To Susanna Wright9
ALS: Mrs. David H. Stockton, Princeton, N.J. (1960); also transcript: John L. W. Mifflin, Middlebush, N.J. (1955)
Philada. Nov. 21. 1751
Your Guests all got well home to their Families, highly pleas’d with their Journey, and with the Hospitality of Hempfield.
When I had the Pleasure of seeing you, I mention’d a new [kind of Candles very convenient]1 to read by, which I think you said you had not seen: I take the Freedom to send you a Specimen of them. You will find that they afford a clear white Light; may be held in the Hand, even in hot Weather, without softning; that their Drops do not make Grease Spots like those from common Candles; that they last much longer, and need little or no Snuffing. I may add, what will be another Recommendation of them to you, that they are the Manufacture of our own Country, being wrought at Marcushook.
In the Magazine of August, I find that the magnificent King of Portugal has rais’d his Marble Aqueduct near 100 Foot higher than your Chicaselungo.2 It must be a most stupendous Work. I send you the Prospect of it.
Accept an Almanack for the New Year, with my hearty Wishes that it may prove a happy one to you and your Friends. I am Madam Your obliged humble Servant
9. Susanna Wright (1697–1784), born in Lancashire of Quaker parents, came to Chester Co., Pa., 1714, and after her mother’s death moved with her father and brothers to the east bank of the Susquehanna, 1722. A woman of many interests and unusual practical talents, she raised flax and silkworms (the Philadelphia Silk Society awarded her a premium, 1771), compounded medicines and tended the sick, drew legal papers, wrote poetry, painted, gave BF advice on public business (BF to Susanna Wright, April 28, 1755, below), and managed her farm and neighbors at Hempfield (now Columbia), Pa., with a firm hand. She also corresponded with James Logan and Charles Norris, and was a close friend of Samuel Blunston, whose affairs she managed and who bequeathed her a life interest in his estate. She never married. She had a large library and told Benjamin Rush in 1784 (PMHB, LXXIV, 1950, 455) “that she could not live without” her books; spoke and wrote French fluently, knew Latin, read Italian; “and had made considerable attainment in many of the sciences.” In her old age she was one of the attractions travelers to western Pennsylvania seldom failed to visit. Gertrude D. Biddle and Sarah D. Lowrie, eds., Notable Women of Pennsylvania (Phila., 1942), pp. 24–5; Samuel Wright, “Hempfield: The Beginning of Columbia,” Lancaster Co. Hist. Soc. Papers, XVII (1913), 215–26. See also, ibid., IV (1899–1900), 102–3; LII (1948), 216–7. A few letters between her and BF’s wife and daughter are in APS. Her brother James was one of BF’s correspondents.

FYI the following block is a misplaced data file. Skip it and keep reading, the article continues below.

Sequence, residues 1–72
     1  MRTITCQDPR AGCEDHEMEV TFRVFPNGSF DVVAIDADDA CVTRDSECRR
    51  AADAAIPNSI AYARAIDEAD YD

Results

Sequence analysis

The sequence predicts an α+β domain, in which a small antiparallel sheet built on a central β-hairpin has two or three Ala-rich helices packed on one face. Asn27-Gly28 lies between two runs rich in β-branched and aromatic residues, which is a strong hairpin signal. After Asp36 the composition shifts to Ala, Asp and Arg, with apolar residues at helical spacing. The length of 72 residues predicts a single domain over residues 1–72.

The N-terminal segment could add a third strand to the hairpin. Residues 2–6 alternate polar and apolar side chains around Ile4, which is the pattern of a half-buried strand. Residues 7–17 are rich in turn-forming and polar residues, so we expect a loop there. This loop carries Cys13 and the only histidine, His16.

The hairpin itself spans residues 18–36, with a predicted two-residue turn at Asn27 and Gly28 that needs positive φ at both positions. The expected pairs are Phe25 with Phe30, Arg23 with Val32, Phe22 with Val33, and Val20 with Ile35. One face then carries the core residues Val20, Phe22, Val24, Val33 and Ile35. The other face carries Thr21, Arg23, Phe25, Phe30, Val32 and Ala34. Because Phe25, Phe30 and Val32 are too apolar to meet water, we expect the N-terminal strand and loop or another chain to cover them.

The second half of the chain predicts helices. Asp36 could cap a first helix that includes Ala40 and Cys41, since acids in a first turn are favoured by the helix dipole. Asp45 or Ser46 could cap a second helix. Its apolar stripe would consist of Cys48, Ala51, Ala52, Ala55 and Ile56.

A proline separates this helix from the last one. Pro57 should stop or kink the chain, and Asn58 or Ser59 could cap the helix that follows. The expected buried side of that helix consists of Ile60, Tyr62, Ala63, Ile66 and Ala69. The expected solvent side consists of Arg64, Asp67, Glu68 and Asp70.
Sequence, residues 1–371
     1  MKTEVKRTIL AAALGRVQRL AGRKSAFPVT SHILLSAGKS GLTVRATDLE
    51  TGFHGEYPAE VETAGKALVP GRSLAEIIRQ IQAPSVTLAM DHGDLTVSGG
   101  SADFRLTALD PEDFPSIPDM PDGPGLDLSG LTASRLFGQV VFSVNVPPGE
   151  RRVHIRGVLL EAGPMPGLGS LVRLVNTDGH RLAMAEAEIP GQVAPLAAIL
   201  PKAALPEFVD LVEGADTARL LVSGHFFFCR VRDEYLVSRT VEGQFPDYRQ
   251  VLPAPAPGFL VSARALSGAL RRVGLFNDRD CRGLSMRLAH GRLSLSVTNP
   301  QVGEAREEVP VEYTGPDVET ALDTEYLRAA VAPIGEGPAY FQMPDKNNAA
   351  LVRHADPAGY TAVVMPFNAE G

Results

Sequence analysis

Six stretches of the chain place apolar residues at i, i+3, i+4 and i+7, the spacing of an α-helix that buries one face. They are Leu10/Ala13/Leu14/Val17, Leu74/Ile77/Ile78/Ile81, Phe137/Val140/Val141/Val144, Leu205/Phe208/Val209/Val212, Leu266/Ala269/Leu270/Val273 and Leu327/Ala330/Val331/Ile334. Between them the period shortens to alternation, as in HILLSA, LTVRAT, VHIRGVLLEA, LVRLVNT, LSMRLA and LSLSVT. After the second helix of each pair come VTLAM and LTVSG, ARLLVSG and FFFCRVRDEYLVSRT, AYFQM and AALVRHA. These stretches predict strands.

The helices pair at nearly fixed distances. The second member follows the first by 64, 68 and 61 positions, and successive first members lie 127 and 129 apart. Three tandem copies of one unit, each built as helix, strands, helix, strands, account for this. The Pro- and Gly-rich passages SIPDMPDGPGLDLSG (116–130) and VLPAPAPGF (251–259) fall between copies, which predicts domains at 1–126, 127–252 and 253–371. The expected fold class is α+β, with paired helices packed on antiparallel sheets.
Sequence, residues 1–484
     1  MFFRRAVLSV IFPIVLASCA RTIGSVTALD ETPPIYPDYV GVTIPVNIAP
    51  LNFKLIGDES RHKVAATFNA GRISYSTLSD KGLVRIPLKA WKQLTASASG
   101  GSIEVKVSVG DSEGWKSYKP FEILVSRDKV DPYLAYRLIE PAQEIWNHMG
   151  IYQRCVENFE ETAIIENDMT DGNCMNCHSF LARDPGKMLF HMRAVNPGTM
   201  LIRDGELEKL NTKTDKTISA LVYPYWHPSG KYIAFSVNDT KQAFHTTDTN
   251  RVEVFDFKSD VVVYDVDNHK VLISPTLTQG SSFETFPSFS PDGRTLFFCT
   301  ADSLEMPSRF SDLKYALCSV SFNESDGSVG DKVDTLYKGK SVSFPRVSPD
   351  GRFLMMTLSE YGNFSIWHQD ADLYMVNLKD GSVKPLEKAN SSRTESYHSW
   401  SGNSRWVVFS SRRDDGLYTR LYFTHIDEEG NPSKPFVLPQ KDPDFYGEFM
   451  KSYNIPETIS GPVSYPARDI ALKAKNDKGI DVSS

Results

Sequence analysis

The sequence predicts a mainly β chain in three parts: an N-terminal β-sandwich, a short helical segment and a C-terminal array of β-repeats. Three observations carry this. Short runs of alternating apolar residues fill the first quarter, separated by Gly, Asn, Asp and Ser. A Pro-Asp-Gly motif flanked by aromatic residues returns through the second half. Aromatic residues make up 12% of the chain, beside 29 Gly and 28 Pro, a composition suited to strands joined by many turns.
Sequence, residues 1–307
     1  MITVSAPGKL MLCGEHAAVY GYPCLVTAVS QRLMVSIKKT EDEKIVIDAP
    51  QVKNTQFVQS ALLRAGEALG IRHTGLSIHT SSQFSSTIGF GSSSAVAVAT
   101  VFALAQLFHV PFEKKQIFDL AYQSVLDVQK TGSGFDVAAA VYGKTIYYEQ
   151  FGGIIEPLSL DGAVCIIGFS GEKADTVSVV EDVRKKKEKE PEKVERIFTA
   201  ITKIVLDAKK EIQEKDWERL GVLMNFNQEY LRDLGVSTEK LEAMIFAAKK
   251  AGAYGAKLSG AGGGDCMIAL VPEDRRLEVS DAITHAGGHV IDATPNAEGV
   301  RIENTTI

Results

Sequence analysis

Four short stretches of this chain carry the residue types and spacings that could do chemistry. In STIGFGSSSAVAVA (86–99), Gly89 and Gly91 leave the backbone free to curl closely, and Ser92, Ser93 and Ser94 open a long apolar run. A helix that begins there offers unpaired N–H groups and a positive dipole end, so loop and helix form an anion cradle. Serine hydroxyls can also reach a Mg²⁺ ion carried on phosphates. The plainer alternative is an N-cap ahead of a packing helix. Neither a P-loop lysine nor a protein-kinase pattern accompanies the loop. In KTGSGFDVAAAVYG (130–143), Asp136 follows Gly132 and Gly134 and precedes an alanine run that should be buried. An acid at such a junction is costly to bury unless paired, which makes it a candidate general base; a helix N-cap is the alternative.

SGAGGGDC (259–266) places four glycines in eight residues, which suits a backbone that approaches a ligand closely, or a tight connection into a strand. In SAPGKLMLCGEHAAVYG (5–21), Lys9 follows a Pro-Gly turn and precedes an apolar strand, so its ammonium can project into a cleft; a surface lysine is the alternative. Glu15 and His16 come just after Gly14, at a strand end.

1. These words, missing in the ALS because of a tear, are supplied from the transcript, made in the nineteenth century.
2. A brief description and illustration of the marble aqueduct over the valley of Alcantara was printed in Gent. Mag., XXI (1751), 368–9. Its central arch was 250 feet high. The Chickiswalunga (now Chickies) Creek near the Wright home in Lancaster Co., Pa., flows into the Susquehanna River through a deep valley. H. L. Haldeman, “The Chickies Furnace,” Lancaster Co. Hist. Soc. Historical Papers and Addresses, I (1896–97), 18–20.